Mike and I decided to try our luck at fishing last night. I can’t tell you the last time the two of us went fishing from a motor boat together, but maybe after you read this you’ll know why it’s been so long. The problem with going fishing is you have to get everything ready to go fishing and trying to do that at the same time as you’re trying to run a resort and outfitter can be a big challenge.
Mike has so many different tackle boxes and rubbermaids literally filled with lures, hooks, weights, reels, line, etc. It’s much easier for him to go into the store and grab what he needs than it is to search through all of the different boxes. Hence the reason for multiple boxes. But of course, not one of those boxes contained the lures he was looking for and last night even our store wasn’t stocked with what he wanted.
Then there’s the matter of finding a rod with a good reel on it. Josh has a tendency of taking our fishing poles and not taking good care of them. Mike likes to take the reels off of the rods when he portages them. There’s a reel in every box, a box with reels in it but rarely a rod with a reel on it. He did find two but when I asked him if he had put new line on it a noise that didn’t sound like “Yes, dear.” came out of his mouth.
The depth finder was sitting on the shelf where I placed it last fall and Mike easily found it there. But it wasn’t easy to get it hooked up for some reason and we spent quite a bit of time with Mike on the bottom of the boat trying to get it working while still at the dock.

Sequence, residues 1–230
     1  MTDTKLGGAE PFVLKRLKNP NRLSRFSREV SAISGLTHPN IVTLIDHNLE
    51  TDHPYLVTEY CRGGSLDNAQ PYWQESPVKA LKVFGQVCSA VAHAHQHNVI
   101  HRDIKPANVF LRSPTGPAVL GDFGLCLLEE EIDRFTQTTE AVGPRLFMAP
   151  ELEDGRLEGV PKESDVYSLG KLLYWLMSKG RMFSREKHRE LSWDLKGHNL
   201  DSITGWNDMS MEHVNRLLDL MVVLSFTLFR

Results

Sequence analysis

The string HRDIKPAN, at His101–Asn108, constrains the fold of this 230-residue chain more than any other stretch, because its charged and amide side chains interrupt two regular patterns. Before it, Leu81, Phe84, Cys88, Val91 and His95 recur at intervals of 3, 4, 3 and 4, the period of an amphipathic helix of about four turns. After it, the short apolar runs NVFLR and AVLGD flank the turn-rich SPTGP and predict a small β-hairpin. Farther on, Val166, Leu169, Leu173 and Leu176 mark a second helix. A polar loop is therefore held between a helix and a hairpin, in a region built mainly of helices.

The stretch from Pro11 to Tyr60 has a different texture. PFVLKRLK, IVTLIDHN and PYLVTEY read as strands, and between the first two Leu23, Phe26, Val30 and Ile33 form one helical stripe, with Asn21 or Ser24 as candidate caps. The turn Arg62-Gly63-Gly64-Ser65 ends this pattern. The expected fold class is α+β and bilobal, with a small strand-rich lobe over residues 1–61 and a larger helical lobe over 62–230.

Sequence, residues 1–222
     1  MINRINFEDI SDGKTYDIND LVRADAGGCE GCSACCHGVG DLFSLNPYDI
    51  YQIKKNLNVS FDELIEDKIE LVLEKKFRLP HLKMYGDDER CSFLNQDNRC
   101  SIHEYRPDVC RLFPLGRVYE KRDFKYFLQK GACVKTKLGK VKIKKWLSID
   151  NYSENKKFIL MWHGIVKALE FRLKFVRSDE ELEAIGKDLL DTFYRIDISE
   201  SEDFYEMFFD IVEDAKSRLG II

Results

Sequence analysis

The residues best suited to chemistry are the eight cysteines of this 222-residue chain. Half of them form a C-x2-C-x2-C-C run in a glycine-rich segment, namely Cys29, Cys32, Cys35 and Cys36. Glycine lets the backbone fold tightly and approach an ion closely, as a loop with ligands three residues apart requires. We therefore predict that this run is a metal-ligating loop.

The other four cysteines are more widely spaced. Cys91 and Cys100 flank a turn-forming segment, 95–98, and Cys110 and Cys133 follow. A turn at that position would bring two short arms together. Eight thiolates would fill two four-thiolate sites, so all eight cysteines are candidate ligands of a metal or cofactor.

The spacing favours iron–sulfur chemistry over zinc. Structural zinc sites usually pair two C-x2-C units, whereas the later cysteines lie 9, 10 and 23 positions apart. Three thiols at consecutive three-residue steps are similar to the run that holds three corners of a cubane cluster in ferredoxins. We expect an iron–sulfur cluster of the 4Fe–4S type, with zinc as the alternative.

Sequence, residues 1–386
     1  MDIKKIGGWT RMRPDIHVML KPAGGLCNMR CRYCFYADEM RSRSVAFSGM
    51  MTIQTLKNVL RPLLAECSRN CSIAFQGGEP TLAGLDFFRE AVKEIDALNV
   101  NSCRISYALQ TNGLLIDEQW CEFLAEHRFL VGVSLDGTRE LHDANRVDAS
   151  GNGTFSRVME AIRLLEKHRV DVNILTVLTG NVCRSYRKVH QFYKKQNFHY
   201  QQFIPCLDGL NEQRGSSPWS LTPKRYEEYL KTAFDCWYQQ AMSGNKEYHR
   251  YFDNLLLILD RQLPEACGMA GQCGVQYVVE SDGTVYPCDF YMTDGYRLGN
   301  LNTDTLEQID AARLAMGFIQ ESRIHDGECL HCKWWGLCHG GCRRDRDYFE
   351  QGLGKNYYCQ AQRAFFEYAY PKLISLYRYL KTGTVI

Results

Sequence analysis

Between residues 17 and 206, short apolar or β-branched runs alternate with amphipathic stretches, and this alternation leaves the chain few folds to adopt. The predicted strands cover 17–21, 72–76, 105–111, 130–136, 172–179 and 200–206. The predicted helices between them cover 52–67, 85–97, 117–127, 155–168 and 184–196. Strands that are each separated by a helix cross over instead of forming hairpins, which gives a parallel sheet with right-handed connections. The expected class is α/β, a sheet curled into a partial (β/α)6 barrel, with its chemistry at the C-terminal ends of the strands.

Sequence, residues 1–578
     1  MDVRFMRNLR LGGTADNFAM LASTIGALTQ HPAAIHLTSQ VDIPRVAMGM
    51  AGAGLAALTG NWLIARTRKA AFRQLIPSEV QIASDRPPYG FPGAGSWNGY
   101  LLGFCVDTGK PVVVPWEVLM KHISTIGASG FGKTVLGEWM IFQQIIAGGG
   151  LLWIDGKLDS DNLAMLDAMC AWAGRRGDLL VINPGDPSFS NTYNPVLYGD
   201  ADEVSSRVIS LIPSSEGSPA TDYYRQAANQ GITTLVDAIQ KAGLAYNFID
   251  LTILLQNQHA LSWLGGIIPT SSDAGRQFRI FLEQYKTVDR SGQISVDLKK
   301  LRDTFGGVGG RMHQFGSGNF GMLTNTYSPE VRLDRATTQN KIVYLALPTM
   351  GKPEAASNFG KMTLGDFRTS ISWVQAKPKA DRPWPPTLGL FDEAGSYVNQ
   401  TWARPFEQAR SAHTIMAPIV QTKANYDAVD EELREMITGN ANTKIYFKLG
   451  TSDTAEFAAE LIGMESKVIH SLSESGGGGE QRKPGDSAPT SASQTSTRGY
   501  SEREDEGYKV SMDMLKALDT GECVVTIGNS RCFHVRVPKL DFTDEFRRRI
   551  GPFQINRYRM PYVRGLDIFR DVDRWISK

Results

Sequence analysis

How about the BWCA permit? Thank goodness for Tony who noticed Mike didn’t grab it and was bringing it out to the dock for us. And a needle nose pliers? “You mean to tell me you don’t have a needle nose in your boat?” Another inaudible answer out of Mike’s mouth and then a request to Tony, “Could you please go and get me a needle nose from the store and bring it down here?”
“Do you have oars in the boat?” Mike grabbed some from the shore and thirty minutes after getting into the boat to go we were finally pulling away from the dock. “Yes, we have lights.” And he did have our fishing licenses and a little bit of bug spray left in the bottom of the boat from last year. We had life vests on and were good to go.
I wish I could say all of the trouble was worth the reward of catching tons of walleye but I can’t. I can say we couldn’t keep the northern pike off of our lures and the smallmouth bass loved them too. Not a single walleye was interested in our lures.
But of course, the fishing trip isn’t all about catching fish. It’s about listening to the loons sing, watching a bald eagle soar through the sky and seeing the sun dip beneath the horizon as the sky turns pink.
It would have been much easier to skip the fishing part altogether or have me get my boat ready to go fishing, but that wouldn’t have created a blog worthy story now would it?